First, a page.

A GM 4L80E transmission controller can control this versatile automatic transmission made by General Motors. It has been used in heavy duty vehicles like trucks, SUVs and utility vans. Its robust design and ability to handle heavy loads makes it a popular choice today in a wide variety of vehicles and custom builds.
History of the GM 4L80E
The transmission is based on the GM TurboHydramatic TH400 automatic transmission. A major difference with the TH400 transmission and the 4L80E is that the latter contains an extra overdrive gear and has electronic shift controls.
The 4L80E was first released in 1991 in General Motors C/K trucks, and was still produced for use in new vehicles all the way up until 2013.
The 4L80E design has remained relatively consistent over the years but has had two major variations. The early models built from 1991-96 have a different kind of connector that goes through the case, and also a different lubrication system. The late models built from 1997-onwards have an updated and improved lubrication system and a newer case plug for the electronic shift controls.
Specifications of the 4L80E
-Maximum Engine Input Torque: 440 ft. lbs.
-Maximum Output Torque: 885 ft. lbs.
-Maximum Gross Vehicle Weight Rating: 8000 lbs.
-Longitudinally Positioned Transmission
-Build Material: Die-cast aluminum.
Gear Ratios of the 4L80E
The gear ratios are quite closely spaced in the 4L80E to ensure the rpm drop between shifts isn’t too high. This helps keep the rpm in the power band so that the torque output doesn’t drop too drastically between shifts. The COMPUSHIFT 4L80E transmission controller allows you to customize a shift strategy that works best for your vehicle.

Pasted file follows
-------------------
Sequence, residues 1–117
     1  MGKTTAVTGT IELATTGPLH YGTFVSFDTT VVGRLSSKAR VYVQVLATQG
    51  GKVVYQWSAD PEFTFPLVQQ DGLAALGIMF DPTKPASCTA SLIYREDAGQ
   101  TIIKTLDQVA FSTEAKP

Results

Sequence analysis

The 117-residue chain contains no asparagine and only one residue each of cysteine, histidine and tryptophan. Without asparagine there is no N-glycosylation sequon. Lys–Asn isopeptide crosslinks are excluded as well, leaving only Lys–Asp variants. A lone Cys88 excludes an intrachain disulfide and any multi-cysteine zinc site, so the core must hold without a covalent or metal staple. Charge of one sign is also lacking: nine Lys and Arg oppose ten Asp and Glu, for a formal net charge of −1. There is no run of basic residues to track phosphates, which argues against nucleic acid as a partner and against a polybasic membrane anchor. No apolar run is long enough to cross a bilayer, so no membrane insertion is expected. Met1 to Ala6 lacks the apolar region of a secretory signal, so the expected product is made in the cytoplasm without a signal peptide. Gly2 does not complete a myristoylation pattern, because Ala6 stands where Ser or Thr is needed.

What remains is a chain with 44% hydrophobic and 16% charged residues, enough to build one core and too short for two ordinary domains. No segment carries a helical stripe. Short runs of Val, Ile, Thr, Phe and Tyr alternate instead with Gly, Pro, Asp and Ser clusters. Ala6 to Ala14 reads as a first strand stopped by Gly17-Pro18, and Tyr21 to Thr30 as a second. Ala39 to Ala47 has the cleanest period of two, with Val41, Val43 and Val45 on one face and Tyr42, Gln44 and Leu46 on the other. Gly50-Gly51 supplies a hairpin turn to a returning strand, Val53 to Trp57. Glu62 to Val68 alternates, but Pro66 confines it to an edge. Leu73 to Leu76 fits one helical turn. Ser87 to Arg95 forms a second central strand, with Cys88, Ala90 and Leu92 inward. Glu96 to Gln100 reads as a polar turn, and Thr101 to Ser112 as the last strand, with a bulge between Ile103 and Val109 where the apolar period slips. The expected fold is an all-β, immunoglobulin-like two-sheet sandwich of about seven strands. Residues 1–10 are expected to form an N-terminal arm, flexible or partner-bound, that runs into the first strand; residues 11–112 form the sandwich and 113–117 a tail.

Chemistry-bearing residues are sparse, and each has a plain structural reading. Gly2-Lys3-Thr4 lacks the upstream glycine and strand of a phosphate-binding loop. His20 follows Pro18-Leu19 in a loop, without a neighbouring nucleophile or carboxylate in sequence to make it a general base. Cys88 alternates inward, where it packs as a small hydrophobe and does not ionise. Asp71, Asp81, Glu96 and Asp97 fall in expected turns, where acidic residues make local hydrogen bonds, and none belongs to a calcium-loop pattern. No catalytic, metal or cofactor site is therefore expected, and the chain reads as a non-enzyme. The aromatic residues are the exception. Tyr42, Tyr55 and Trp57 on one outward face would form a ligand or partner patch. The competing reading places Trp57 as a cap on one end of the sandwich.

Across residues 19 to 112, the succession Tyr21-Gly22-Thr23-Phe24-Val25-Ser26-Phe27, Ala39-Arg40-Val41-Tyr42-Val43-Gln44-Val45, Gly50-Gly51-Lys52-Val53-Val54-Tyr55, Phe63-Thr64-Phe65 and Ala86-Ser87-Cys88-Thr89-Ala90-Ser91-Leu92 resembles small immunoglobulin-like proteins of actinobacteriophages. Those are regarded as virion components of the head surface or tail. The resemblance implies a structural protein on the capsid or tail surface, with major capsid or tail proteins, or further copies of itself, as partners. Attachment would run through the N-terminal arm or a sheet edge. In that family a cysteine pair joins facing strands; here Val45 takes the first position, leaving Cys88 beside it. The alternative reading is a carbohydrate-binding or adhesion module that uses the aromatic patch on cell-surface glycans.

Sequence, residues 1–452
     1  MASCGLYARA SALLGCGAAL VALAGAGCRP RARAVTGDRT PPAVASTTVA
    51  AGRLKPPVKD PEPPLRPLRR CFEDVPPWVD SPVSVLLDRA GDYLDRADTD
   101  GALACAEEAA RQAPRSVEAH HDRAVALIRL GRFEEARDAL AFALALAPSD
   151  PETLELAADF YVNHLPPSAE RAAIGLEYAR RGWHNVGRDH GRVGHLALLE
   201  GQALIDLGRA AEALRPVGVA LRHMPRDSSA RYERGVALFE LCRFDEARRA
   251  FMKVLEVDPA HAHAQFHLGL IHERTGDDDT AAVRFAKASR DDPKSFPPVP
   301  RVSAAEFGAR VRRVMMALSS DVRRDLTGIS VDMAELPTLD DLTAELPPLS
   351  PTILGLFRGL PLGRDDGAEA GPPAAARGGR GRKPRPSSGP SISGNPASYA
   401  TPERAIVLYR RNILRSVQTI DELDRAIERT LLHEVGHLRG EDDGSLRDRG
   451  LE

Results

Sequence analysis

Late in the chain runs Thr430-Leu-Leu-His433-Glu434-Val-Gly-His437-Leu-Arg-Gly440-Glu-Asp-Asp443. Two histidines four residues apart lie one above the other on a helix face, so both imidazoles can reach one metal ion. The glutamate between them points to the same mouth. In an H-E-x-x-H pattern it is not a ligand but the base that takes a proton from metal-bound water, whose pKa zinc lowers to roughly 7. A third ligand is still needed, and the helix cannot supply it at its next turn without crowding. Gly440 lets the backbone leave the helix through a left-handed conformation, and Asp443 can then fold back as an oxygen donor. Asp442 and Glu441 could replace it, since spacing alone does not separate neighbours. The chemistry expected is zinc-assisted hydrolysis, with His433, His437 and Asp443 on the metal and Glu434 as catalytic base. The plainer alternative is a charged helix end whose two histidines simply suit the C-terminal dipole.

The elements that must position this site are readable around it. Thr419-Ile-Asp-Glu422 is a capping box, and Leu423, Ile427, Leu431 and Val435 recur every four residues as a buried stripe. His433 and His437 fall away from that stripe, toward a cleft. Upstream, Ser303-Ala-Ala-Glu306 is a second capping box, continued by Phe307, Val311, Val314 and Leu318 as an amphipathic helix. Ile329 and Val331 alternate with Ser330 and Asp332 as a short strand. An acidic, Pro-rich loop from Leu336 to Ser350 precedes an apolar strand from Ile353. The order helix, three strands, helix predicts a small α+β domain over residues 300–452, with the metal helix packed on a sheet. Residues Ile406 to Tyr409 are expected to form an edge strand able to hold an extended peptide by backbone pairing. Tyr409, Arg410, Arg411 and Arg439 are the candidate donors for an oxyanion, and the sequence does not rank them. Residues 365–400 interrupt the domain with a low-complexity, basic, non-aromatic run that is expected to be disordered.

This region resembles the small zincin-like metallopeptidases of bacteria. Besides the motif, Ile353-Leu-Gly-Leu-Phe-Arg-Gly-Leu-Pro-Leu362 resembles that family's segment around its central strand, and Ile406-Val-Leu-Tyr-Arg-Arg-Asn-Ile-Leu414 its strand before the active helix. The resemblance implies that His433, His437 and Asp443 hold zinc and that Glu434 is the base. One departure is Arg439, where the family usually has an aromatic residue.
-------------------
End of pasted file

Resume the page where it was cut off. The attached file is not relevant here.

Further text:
Strengths of the 4L80E transmission
As the 4L80E is an electronically controlled transmission, it can be linked up to a 4L80E transmission controller like the COMPUSHIFT for instance.
The shifts can be programmed for optimal shift timing and so can the torque converter clutch (TCC) lockup be controlled. The sensors used by the transmission controller provides information about the status of the transmission.
The torque converter clutch can be applied using pulse width modulation (PWM) for a smooth clutch application. The TCC when engaged provides a direct drive from the engine output shaft to the transmission, without any rotational speed losses.
The addition of the extra overdrive gear ratio also helps lower engine revs on the highway, bringing about fuel savings, less noise and less engine wear while cruising.
It improves on General Motors 4L60E transmission, as it can handle more horsepower and torque. Therefore, while the 4L60E is rated for vehicles weighing a maximum of 6000 lbs., the 4L80E is rated for vehicles weighing up to 8000 lbs.
Potential Problems with 4L80E transmission
On the early models of the 4L80E produced from 1991-96, the transmission coolant line fittings were attached just behind the bellhousing.
This design didn’t always let the rear planetary get enough lubrication and be cooled sufficiently, which caused problems as the planetary could get too hot and get damaged during operation.
Therefore from 1997 onwards the later models of the transmission design were modified, so that the oil feed cooler was run to the back of the case to improve cooling and lubrication.
Going into “limp mode”
If there is a problem with the electronics such as a short circuit, the transmission may not engage the solenoids in the valve body. Therefore, when the 4L80E goes into limp mode and both the solenoids are disengaged, only 2nd gear will be available due to the design of the valve body.
Electrical problems with sensors like the speed sensors or throttle position sensor can also affect the transmission operation.